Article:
Nothing gives a reader a shiver up the spine like a great opening line. To be able to tell from word one, line one, page one, that a book is going to be great is a wonderful thing. It makes me want to *book shimmy!*

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Though to be perfectly honest, I remember very few first lines by heart. Scratch that – I only remember one. Pride and Prejudice. That shall not be on my Top Five Wednesday of favorite opening lines, because everybody and their dog already knows it and has it on t-shirts and mugs and fancy wall prints and the like. So now that I’ve opened up a couple dozen of my tomes to find the good ones, let the games…er, books, begin!

  1. “It’s harder to drive a polar bear into somebody’s living room than you’d think.”
    Timmy Failure: Mistakes Were Made by Stephen Pastis
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    Ah, yes. Timmy Failure, primo detective of the world, or so he thinks. Adorable illustrations with an adorably misguided leading man make this one fun all the way through!
  2. “It seems like there should be some sort of introduction to this.”
    Hyperbole and a Half by Allie Brosh

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    Odds are, you’ve seen this image or one of the approximately 8 billion remakes of it floating around the Grand ‘Ol Interwebs. This is where it actually comes from! This blog turned book will have you laughing, crying, laughing while crying and every other combination thereof. Right alongside the sidesplittingly hilarious segments about moving with a high-strung dog or eating an entire cake are segments dealing with depression and personal identity that are wrenchingly honest in their bluntness. As a grammar nut, the post/chapter about “a lot vs. alot” is my personal favorite.

  3. “I never had a brain until Freak came along and let me borrow his for a while, and that’s the truth, the whole truth.”
    Freak the Mighty by Rodman Philbrick

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    Max, who is physically intimidating, has always been told he’s lacking in the brains department. Freak is the exact opposite: minuscule body, leg braces, mind like Einstein. Together, they form Freak the Mighty and are an unstoppable team. This touching book hits notes similar to The Man Who Loved Clowns and the duo of George and Lennie in Of Mice and Men. Addressing issues like physical disabilities, learning difficulties and nontraditional families, Freak the Mighty shows readers that love and friendship can cross any boundary.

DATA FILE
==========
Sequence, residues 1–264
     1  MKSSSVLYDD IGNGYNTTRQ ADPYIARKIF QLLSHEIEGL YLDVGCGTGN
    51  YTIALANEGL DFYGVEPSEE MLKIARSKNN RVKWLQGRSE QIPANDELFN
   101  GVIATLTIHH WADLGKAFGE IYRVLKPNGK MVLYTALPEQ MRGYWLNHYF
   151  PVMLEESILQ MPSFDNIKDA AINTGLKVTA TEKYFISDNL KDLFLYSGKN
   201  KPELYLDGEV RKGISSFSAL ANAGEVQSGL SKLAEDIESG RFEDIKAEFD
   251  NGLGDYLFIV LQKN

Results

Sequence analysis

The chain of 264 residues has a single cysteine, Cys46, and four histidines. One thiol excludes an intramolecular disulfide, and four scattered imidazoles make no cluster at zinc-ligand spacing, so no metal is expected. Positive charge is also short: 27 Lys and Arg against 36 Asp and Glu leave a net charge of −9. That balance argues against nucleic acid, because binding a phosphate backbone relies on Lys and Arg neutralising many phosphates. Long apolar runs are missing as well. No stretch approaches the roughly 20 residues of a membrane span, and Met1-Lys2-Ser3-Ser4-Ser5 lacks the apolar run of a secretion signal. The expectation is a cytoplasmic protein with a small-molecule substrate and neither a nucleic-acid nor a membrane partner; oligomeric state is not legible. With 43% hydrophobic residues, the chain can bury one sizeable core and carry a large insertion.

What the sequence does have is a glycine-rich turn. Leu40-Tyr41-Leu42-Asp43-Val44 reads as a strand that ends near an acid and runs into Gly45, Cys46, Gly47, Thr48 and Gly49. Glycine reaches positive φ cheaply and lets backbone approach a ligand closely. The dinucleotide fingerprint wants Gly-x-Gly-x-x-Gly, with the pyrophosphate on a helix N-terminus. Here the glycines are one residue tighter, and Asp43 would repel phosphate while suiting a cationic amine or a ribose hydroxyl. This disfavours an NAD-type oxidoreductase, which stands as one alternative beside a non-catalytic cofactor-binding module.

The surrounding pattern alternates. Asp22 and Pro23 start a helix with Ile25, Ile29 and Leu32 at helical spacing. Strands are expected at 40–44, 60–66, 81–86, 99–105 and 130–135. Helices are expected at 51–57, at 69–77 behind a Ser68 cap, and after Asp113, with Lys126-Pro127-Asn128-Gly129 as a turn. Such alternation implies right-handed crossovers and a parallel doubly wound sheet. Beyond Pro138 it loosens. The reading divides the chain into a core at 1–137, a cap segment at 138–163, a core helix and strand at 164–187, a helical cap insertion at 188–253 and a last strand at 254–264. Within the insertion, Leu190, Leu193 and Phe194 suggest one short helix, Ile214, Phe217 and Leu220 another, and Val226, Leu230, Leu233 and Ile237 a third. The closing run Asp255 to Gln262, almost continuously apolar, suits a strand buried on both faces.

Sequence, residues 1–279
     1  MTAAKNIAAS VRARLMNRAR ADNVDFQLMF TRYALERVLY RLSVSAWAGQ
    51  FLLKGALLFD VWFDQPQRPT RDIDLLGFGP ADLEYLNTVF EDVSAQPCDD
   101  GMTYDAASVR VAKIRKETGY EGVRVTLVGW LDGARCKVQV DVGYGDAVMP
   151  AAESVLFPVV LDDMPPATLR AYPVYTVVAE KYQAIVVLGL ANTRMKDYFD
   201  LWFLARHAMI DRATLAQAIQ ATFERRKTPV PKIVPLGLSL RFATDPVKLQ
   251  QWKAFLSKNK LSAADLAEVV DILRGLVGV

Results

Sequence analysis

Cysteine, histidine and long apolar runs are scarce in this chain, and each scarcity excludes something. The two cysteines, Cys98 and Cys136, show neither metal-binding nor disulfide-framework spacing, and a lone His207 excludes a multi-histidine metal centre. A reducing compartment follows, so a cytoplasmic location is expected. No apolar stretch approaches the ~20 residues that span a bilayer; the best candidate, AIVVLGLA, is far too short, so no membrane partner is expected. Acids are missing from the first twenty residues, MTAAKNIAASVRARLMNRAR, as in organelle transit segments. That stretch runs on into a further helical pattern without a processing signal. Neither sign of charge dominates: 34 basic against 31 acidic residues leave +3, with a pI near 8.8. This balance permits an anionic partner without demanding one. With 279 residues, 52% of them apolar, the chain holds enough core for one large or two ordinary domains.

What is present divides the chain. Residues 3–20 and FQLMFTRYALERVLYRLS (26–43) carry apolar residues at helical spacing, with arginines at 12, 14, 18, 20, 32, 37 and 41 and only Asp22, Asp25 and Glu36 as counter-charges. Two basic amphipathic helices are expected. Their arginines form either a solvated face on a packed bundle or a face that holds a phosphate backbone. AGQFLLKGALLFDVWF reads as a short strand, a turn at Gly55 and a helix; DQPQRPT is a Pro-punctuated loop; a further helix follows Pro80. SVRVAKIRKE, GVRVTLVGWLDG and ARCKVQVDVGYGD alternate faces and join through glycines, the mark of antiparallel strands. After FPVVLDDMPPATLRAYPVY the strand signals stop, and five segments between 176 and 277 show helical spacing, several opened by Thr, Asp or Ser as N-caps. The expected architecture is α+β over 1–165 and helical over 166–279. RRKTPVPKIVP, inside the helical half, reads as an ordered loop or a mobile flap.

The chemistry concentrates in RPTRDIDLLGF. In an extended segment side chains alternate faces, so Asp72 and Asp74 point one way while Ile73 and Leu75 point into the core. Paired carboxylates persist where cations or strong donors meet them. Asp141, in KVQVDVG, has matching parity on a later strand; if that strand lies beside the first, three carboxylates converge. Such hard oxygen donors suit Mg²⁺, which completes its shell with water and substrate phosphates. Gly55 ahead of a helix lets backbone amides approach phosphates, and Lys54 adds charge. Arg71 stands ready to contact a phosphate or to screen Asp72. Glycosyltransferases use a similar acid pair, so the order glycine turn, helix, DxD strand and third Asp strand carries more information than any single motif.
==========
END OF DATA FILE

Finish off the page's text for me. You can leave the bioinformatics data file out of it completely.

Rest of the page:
4. “I was naked, lying on my side on a table in the NASA Flight Medicine Clinic bathroom, probing at my rear end with the nozzle of an enema.”
    Riding Rockets by astronaut Mike Mullane

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    Lol lol lol lol lol! If you’re searching for a dry scientific memoir, look elsewhere. This book is a no-holds-barred look at the intense life of a space shuttle astronaut, stripping away the glamour and cutting to the real truth. By turns outrageously hilarious and sobering in its honesty, Riding Rockets will remind you that the men and women of NASA are still people at the end of the day, with all the flaws and ingenuity that implies. Shout-out to the Dad Unit (who is a surgeon) for giving me a childhood that made me think lines like this are hilarious and appropriate for dinner conversation.

  5. “Sylvie had an amazing life, but she didn’t get to live it very often.”
    The Great Good Thing by Roderick Townley
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    Prepare your mind for bookception in this Toy Story meets Inkheart mashup. Sylvie is a fairy tale princess in the most literal sense: she lives inside a book (also titled The Great Good Thing), and acts and re-enacts her own story time and time again as Readers open and close her world. When Claire, the new Reader, falls asleep with the book open, Sylvie sees the edge of Claire’s dream on the border of her own world. Breaking every rule there is, Sylvie crosses over to meet Claire, and the line between fiction and reality begins to blur.

    The way the world is written is unlike anything I’ve read: characters are aware of page numbers, arrive on the scene out of breath when readers suddenly skip ahead, and literally see the sky open when the cover lifts. I love this first installment; the second book (in which they encounter the internet) was a little hard to follow, and I just learned there is a third book that takes place in spaaaaaace! Either way, the first functions perfectly well as a standalone, and is a great presentation of a point of view you’ve probably never considered.

How about you all? What are your favorite first lines? I’m going to go out on a limb and guess that Harry Potter is one for a lot of people. Let me know in the comments, and feel free to drop a link to your own list!

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